Reflecting On Your Story: Remembering Your Path To Success
As the fall semester approaches its end, this time of reflection is a great way for many people to share their experiences of the semester. Going into the holiday season, the relaxation and rest after a long semester provide an opportunity for remembering moments that made experiences fun, lessons that taught growth, and how far professionals have come on their respective student affairs paths. This lesson is one of my favorites to share with students and peers when they are having a bad day or need some motivation to reach their goals. Sometimes life leads us to question ourselves and the idea that we need to achieve more to be happy, which can stop leaders from seeing the benefits of their success. The more we look back at those special moments, the less fear about the future or questioning of self-worth will occur.
For this blog, I wanted to create some great motivational tips to encourage others to keep their eyes on the prize of success even if there are some goals and expectations that may require more time to achieve.
1. Make a “Success List” from the semester – When the fall semester started, I decided I was going to create a list of goals to be accomplished during the year. This list ranged from small goals such as projects at my graduate assistantship, grades on long term assignments, and professional opportunities to major goals such as completing leadership projects, presenting at a conference, and other milestones for the semester. Not only did this list help with my personal development, it made the year seem like a big success for me. As a person who can be very hard on himself, having this list really made those moments in my life feel special and made bad days turn into positive moments.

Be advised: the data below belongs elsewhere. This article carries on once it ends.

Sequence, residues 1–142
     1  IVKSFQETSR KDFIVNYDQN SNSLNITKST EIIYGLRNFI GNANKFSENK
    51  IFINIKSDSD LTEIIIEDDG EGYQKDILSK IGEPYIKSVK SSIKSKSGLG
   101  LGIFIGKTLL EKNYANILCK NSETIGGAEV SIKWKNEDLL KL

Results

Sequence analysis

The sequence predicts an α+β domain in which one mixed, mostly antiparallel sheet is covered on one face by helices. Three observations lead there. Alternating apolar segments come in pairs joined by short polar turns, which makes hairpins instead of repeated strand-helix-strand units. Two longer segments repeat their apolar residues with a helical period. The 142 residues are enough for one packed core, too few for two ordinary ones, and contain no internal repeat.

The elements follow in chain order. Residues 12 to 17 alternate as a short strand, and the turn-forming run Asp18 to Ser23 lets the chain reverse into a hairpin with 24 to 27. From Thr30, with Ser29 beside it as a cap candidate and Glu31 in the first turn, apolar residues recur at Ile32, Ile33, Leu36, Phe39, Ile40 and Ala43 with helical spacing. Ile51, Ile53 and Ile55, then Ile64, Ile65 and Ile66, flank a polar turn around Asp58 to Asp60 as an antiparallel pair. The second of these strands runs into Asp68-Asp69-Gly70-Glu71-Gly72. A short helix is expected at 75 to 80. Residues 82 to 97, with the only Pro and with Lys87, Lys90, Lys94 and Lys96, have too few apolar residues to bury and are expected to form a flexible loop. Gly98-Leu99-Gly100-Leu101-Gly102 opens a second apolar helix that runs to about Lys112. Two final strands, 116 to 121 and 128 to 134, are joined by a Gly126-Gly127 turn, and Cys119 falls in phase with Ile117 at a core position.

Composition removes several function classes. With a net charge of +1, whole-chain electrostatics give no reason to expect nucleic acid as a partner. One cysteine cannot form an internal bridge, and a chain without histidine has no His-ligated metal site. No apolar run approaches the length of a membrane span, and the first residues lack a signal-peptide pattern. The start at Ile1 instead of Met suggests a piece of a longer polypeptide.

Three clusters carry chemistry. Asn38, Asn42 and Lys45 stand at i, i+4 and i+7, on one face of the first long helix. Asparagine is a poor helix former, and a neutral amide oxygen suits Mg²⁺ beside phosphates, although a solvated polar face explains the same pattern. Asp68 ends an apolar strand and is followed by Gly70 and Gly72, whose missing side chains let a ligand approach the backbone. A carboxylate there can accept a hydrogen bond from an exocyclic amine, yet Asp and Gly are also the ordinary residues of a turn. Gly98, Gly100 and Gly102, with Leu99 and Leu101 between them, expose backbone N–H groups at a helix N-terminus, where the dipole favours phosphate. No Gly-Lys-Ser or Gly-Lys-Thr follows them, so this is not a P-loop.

2. Turn your goals that you haven’t completed into Coming Soon Achievements – Sometimes achieving a goal takes time, effort, and passion to turn outcomes into success stories. While it is important to keep your eyes on the prize, it is also important to remember that you have what it takes to still achieve those goals. An example I had on my list was to make my new position as a leadership trainer for the Residence Hall Association successful with five leadership projects for the organization. This was a goal that would not only take time, it would also take positive leadership and motivation. Even if I just created two or three, rather than seeing it as a shortcoming, it was a positive outcome to say, “That’s two or three more than before,” which made the experience fun and a great success for the academic year.
3. Reflect on Your Experience– Whether you are a graduate student, emerging professional, or experienced leader, make sure you take time to reflect on how far you have come. This moment you are in now will be a great memory of the lessons and experiences that help make your future brighter. As I finish this semester, I reflect on being a first year graduate student at this time last year and the feeling of finishing my first semester in my higher education program. As a second year student, I look forward to the spring toward graduation and a wide range of new experiences. Despite how far the journey may seem, never give up on your path to success and remember to keep being the person that you believe in.
“So remember to reflect on the awesome person you are today and use future goals and aspirations to lift you up rather than bring you down. You got this and your story is only filled by your personal pages of success.”
“All great achievements require time.”-Maya Angelou
> BONUS <
Podcast With Craig Bidiman on Supporting #SAGrad Success